Human T cell leukemia virus type 1 (HTLV-1) causes adult T cell leukemia (ATL) in a proportion of infected individuals after a long latency period. Development of ATL is a multistep clonal process that can be investigated by monitoring the clonal expansion of HTLV-1-infected cells by isolation of provirus integration sites. The clonal composition (size, number, and combinations of clones) during the latency period in a given infected individual has not been clearly elucidated. We used high-throughput sequencing technology coupled with a tag system for isolating integration sites and measuring clone sizes from 60 clinical samples. We assessed the role of clonality and clone size dynamics in ATL onset by modeling data from high-throughput monitoring of HTLV-1 integration sites using single- and multiple-time-point samples. From four size categories analyzed, we found that big clones (B; 513-2048 infected cells) and very big clones (VB; >2048 infected cells) had prognostic value. No sample harbored two or more VB clones or three or more B clones. We examined the role of clone size, clone combination, and the number of integration sites in the prognosis of infected individuals. We found a moderate reverse correlation between the total number of clones and the size of the largest clone. We devised a data-driven model that allows intuitive representation of clonal composition. This integration site-based clonality tree model represents the complexity of clonality and provides a global view of clonality data that facilitates the analysis, interpretation, understanding, and visualization of the behavior of clones on inter- and intra-individual scales. It is fully data-driven, intuitively depicts the clonality patterns of HTLV-1-infected individuals and can assist in early risk assessment of ATL onset by reflecting the prognosis of infected individuals. This model should assist in assimilating information on clonal composition and understanding clonal expansion in HTLV-1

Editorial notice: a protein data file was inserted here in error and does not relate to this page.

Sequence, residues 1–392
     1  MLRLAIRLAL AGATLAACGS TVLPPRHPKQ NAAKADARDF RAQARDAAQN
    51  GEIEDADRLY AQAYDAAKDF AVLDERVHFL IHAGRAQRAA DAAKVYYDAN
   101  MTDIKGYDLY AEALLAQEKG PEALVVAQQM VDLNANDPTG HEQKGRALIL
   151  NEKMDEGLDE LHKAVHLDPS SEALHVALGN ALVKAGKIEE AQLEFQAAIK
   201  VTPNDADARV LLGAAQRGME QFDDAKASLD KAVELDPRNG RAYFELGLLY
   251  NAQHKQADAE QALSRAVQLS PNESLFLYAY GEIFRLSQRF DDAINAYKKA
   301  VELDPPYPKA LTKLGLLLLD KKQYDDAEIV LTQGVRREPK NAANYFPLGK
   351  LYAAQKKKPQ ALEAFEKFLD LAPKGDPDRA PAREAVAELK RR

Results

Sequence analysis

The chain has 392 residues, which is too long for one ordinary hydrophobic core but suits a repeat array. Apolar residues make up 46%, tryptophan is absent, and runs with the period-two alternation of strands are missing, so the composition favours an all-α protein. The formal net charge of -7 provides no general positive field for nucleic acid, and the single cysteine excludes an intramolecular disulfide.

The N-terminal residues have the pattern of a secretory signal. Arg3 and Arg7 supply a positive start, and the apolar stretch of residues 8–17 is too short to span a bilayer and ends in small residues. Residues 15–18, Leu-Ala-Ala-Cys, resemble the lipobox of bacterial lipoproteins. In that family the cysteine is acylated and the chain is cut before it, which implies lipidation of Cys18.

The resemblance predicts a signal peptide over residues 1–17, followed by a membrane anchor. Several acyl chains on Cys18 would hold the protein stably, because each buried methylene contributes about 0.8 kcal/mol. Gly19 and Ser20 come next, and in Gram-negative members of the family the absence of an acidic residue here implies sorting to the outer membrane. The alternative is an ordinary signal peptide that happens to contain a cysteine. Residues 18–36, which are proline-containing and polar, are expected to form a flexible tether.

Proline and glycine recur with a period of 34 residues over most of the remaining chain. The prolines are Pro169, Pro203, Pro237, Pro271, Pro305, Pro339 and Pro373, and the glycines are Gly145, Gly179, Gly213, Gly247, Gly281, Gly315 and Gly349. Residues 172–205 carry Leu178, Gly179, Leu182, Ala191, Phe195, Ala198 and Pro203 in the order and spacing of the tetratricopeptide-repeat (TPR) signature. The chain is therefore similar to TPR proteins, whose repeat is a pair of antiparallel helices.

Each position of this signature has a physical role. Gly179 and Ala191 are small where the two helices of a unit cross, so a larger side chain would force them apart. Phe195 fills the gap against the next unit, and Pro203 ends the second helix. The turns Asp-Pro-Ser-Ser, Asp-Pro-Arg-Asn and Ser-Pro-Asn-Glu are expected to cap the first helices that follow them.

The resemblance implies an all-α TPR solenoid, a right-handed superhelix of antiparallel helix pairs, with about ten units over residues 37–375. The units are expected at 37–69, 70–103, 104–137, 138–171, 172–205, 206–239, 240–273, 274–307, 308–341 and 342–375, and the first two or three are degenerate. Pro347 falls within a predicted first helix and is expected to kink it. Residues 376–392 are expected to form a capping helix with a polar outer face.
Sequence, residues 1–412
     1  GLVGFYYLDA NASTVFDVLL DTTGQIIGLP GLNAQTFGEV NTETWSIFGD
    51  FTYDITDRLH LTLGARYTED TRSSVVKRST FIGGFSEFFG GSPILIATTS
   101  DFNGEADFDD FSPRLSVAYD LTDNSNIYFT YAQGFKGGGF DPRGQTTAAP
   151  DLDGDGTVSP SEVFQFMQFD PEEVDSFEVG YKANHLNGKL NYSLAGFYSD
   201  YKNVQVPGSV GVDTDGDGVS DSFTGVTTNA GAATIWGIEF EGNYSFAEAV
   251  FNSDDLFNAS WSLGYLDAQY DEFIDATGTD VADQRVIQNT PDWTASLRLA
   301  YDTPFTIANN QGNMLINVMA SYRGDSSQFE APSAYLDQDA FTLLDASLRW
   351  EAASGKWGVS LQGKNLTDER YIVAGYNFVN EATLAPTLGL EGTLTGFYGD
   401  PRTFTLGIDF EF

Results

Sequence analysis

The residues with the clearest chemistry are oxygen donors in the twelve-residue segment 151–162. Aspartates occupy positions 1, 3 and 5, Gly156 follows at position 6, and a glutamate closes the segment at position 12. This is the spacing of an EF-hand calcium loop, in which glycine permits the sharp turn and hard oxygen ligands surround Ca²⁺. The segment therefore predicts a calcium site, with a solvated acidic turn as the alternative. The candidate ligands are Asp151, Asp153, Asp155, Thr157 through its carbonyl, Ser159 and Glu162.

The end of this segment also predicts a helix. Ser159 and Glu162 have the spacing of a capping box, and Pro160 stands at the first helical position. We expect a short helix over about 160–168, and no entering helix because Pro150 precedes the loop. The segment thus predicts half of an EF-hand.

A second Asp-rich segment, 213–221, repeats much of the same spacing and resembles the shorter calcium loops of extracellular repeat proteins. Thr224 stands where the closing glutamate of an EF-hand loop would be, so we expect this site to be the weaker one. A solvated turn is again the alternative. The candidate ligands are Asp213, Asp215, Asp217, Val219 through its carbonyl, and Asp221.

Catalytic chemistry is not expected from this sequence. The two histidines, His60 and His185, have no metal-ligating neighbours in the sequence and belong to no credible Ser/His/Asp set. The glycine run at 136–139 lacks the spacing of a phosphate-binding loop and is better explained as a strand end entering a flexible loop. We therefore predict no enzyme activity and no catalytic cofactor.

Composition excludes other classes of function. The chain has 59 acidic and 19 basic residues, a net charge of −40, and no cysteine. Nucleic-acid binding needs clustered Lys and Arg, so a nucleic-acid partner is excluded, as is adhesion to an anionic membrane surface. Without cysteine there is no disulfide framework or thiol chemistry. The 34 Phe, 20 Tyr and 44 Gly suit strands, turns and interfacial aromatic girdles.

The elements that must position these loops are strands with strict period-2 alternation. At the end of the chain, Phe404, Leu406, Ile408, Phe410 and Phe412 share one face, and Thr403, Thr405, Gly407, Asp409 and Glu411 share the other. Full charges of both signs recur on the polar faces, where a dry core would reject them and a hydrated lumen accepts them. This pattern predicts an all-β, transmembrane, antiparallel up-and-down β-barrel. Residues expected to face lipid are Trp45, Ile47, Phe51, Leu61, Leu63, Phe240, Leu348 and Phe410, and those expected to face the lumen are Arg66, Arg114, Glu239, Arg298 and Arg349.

3. Differential Pathological and Immune Responses in Newly Weaned Ferrets Are Associated with a Mild Clinical Outcome of Pandemic 2009 H1N1 Infection

    PubMed Central

    Huang, Stephen S. H.; Banner, David; Degousee, Norbert; Leon, Alberto J.; Xu, Louling; Paquette, Stephane G.; Kanagasabai, Thirumagal; Fang, Yuan; Rubino, Salvatore; Rubin, Barry; Kelvin, Alyson A.

    2012-01-01